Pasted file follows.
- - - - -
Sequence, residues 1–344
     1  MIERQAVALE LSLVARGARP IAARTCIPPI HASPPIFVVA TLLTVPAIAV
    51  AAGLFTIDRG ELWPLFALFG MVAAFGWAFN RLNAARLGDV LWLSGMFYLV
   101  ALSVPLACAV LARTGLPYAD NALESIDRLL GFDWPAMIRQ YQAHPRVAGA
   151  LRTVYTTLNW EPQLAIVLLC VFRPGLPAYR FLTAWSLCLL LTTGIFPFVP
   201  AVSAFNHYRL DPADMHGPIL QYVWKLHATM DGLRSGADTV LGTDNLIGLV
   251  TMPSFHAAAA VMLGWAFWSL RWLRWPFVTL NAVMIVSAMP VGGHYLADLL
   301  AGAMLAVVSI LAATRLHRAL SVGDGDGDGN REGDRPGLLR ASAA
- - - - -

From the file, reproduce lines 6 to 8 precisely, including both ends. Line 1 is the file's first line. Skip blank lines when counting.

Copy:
   201  AVSAFNHYRL DPADMHGPIL QYVWKLHATM DGLRSGADTV LGTDNLIGLV
   251  TMPSFHAAAA VMLGWAFWSL RWLRWPFVTL NAVMIVSAMP VGGHYLADLL
   301  AGAMLAVVSI LAATRLHRAL SVGDGDGDGN REGDRPGLLR ASAA